Health benefits

Mental health benefits alone won’t reduce the micro-aggressions black employees face at work


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Society has started taking more action on Diversity, Equity, Inclusion and Belonging (DEIB) and mental health – and for good reason, given the isolation induced by the pandemic, political unrest , societal divisions and racial injustices that have defined 2020. These events have caused heightened anxiety. and depression around the world and disproportionately affected people of color.

But now there is a new layer of anxiety that people of color face as companies roll out their plans to return to the office – the fear of to return to to the micro-aggressions and prejudices they tend to face in person.

A recent survey found that working remotely helped black employees feel a sense of belonging. Black workers noted their sense of belonging doubled and 64% coped better with stress by working from home. So how can companies ensure that they create a safe environment and support their diverse employees, especially when people return to a physical office?

It starts with recognizing that the mental health benefits are not enough. We need DEIB to be integrated into mental health services. Research clearly shows their link: anxiety and depression more than tripled in Black Latinx communities after the murder of George Floyd. Not to mention recent research from my company, commissioned with Forrester Consulting, find that workers – 38% of managers and 31% of employees – said these events were so distracting they couldn’t do their jobs. This suggests that companies have a long way to go when it comes to supporting the mental health of their employees amid an increase in public incidents of systemic racial violence.

In my opinion, you cannot significantly prioritize DEIB initiatives without prioritizing access to mental health care. And you can’t fully support mental health without considering the impact of culture and social identity on people’s daily lives. What connects DEIB and mental health is belonging.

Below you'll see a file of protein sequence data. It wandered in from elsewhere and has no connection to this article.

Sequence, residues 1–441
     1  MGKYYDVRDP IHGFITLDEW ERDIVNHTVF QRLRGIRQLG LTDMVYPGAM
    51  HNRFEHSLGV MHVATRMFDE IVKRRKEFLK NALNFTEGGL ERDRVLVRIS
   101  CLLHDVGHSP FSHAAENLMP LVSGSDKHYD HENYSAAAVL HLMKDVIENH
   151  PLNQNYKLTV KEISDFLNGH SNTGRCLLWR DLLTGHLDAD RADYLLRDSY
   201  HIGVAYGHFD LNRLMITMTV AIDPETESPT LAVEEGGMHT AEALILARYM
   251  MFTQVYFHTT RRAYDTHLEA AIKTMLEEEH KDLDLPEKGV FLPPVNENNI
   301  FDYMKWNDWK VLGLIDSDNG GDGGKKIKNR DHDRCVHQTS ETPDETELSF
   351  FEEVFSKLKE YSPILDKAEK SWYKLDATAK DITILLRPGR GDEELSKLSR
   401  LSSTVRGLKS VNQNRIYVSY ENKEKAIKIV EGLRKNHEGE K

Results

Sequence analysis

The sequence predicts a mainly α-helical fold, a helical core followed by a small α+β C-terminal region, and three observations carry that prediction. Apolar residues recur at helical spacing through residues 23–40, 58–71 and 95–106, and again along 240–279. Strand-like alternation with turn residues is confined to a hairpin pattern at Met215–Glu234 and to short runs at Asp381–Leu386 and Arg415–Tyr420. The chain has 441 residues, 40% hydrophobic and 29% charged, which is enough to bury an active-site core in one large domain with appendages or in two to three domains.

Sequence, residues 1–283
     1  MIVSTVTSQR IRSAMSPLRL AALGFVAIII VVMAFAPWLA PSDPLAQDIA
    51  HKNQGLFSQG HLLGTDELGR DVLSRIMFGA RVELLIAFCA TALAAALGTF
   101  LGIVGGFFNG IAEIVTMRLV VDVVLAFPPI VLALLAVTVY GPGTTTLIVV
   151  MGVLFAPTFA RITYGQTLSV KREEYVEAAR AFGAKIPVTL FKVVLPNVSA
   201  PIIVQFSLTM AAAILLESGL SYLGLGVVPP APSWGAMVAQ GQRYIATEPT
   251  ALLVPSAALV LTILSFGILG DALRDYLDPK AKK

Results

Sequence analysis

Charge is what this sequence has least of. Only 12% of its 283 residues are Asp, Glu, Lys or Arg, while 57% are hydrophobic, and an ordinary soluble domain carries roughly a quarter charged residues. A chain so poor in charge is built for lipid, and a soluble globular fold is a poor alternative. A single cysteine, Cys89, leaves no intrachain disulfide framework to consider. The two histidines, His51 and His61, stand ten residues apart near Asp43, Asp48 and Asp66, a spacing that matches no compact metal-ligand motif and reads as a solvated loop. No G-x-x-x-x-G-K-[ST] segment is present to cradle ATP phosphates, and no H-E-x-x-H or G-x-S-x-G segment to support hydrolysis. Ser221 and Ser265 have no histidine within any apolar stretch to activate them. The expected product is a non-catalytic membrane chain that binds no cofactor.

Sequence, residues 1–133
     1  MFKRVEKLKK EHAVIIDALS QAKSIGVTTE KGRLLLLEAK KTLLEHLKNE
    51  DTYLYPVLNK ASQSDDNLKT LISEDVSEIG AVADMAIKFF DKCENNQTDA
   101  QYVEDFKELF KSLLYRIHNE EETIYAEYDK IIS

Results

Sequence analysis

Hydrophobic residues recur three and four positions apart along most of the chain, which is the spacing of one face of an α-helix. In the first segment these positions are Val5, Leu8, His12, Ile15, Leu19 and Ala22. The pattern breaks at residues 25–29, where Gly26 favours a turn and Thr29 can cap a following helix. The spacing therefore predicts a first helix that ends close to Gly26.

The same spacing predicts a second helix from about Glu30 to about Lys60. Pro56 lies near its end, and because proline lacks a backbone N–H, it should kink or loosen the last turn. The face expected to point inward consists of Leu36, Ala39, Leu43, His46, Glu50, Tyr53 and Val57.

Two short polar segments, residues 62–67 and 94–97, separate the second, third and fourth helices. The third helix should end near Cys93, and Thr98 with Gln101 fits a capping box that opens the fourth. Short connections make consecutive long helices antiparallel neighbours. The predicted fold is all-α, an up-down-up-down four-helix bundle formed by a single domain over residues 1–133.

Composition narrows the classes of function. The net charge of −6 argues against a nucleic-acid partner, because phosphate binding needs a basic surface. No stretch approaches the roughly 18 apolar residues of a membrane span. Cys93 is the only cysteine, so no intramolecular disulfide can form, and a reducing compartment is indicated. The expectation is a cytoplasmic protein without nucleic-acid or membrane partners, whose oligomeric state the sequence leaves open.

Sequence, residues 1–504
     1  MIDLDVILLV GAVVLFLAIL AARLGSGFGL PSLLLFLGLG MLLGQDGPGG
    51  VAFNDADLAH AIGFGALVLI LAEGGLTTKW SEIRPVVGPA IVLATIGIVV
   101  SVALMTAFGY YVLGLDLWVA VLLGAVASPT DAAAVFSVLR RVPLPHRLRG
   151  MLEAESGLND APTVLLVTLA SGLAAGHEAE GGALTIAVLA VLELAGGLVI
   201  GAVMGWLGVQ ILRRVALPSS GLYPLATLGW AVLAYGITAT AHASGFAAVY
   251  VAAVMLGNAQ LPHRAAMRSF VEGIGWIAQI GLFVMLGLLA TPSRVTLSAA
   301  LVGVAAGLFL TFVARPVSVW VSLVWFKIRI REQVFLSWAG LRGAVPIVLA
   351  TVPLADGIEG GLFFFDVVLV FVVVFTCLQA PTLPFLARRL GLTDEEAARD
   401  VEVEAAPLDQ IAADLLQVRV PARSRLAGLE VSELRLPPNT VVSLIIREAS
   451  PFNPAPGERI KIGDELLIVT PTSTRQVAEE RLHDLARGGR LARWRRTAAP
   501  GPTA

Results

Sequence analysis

Belonging is not just a basic human need, but a connection that enables employees of diverse backgrounds to show themselves authentically in the workplace, which translates into increased engagement, creativity and productivity. A recent study from Yale find healthcare workers who felt like part of a team experienced less burnout than others.

When you feel like you belong, you feel engaged, and you are likely to feel empowered to put all of your life into doing the best you can. Most importantly, you are more likely to seek mental health services because you feel safe. This is why it is essential that a sense of belonging be part of every company’s DEIB program, especially as more and more companies strive to build a diverse workforce. They can’t just hire more diverse workers, they need to support them as well.

So how can you make sure that belonging is built into your DEIB and mental health strategy?

First, recognize that this is not a one-size-fits-all strategy. Businesses must consider all social identities (especially those that are not in the room) when building their culture, which consists of language, norms, values, environment and even products and services. Next, ask yourself if your business is tolerant (recognizing differences), inclusive (taking into account the behaviors, language and attitudes of other cultural groups) or integrative (an extension of inclusiveness – taking into account your social identity and that of others at every encounter) when it comes to these components.

Plus, the cool thing about membership is that it’s easy to measure. You can ask people if they feel like they are part of something and get a quantifiable response. Equity, on the other hand, is difficult to measure because it looks different among different marginalized communities. But if organizations do D + E + I effectively, then people will feel the B.

DEIB is the next frontier in mental health and will be crucial as companies not only hire more diverse workers, but aim to retain this talent in an increasingly competitive job market, in the face of the pandemic-triggered phenomenon called “the great resignation ”. As the war for talent intensifies, supporting the mental health of our employees is a table issue. The real differentiator is making sure employees feel a sense of belonging so that work is less of a chore and more of a safe space to pursue a meaningful career.

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Dr Jessica Jackson is a Registered Psychologist and Global Head of DEIB Modern Health Care.